Physical’s framing device suggests that Sheila does eventually become a leader in the fitness industry, but by the end of the season it’s not entirely clear how she gets there. Does Physical need to be a multi-season series? Well, that depends on how far you’re willing to go on a journey with such a deeply troubled, unpleasant character as Sheila Rubin. It’s not entirely fair to call her an antihero, but “complicated” doesn’t quite cut it either.

Does Physical need to be a multi-season series? Well, that depends on how far you’re willing to go on a journey with such a deeply troubled, unpleasant character as Sheila Rubin.

We do eventually get some insight on why she’s so unreasonably critical of both herself and everyone around her, but for the first few episodes it’s occasionally a challenge to stay on board and see where things go. Credit for sticking with it goes entirely to Rose Byrne, who manages to express Sheila’s hidden pain with moments as fleeting and subtle as a quick furrow of her brow. You start to understand that Sheila hates the things that she thinks, but has no more control of them than she does over anything else in her life.

Though Physical at first plays around with the tiresome trope that women all secretly hate each other and communicate mostly in passive-aggressive jabs, it spends quite a deal of time developing the other female characters and making them unlikely parallels to Sheila. Particularly interesting is Greta (Dierdre Friel), whose daughter attends preschool with Sheila’s daughter, and whom Sheila initially treats with the same distaste as a bug on her windshield. Greta really is fat and dowdy, as compared to the lithe, perfectly coiffed Sheila, but seems to have a much fuller life, with a bigger home and actual friends, which Sheila glaringly lacks. Of course, things aren’t entirely what they seem in her world either, as exhibited when Greta tries to take one of Sheila’s aerobics classes and flees in tears. It’s a moving moment in a series that up that point is mostly dipped in acid, and one more indicator that in holding ourselves to impossible standards, we mostly end up pushing other people away.

If Physical falters anywhere, it’s in that it focuses too much on Danny’s budding political career, something that is hard to care about because Danny himself is hard to care about. With the exception of likable surfer dude Tyler (Lou Taylor Pucci), the male characters are less richly drawn, with John Breem (Paul Sparks), Danny’s campaign adversary, a personality-free dud who is immediately besotted with Sheila, and yet another person trying to maintain an image that everyone else can see right through. He and Danny exist mostly as roadblocks or opportunities for Sheila getting to where she wants, so devoting too much plot real estate to them isn’t all that warranted.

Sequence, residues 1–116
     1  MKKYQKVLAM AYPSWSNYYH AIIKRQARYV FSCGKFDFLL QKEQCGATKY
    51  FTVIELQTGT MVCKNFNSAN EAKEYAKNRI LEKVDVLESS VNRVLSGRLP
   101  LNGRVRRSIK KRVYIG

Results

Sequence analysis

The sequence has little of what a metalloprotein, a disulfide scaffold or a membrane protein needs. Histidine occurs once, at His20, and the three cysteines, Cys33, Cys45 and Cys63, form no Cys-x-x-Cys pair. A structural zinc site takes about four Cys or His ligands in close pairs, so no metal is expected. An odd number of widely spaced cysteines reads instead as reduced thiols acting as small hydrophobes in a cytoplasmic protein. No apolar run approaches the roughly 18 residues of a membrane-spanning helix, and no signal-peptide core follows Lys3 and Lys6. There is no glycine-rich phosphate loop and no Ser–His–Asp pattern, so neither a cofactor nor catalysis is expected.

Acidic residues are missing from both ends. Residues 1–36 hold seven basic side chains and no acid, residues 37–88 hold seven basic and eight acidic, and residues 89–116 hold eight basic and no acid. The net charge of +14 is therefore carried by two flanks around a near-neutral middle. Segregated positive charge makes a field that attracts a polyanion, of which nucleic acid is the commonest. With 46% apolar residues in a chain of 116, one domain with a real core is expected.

Episodes of Physical zip by in less than a half hour each, which is good, because an hour of Sheila’s cutting commentary might be too much to handle. Nevertheless, it’s a worthwhile watch because it addresses one of the most insidious issues women face in a stark and unblinking way. We’ve yet to fully address the damage the diet and fitness industry, let alone fatphobia has inflicted, and continues to inflict on women, and how much of that is based in both being our own worst enemies, and the shared delusion that our lives are a reality show that is constantly being judged by others. Much like influencer culture today, all of the characters on Physical spend a great deal of time cultivating a very sunny, idealized depiction of how they live and either have no idea that they’re not fooling anyone, or are all too aware of it.

Physical premieres on Apple TV+ June 18th.

Physical Trailer:

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Gena Radcliffe

Gena Radcliffe is the co-host of the award-winning (not really) horror podcast Kill by Kill, and has also written for F This Movie, Anatomy of a Scream, and Grim magazine (although the Spool is her pride and joy). Her pitch graveyard and "pieces that don't really belong anywhere else" can be found at genaradcliffe.com, and you can see her slowly losing her mind at Twitter under @porcelain72.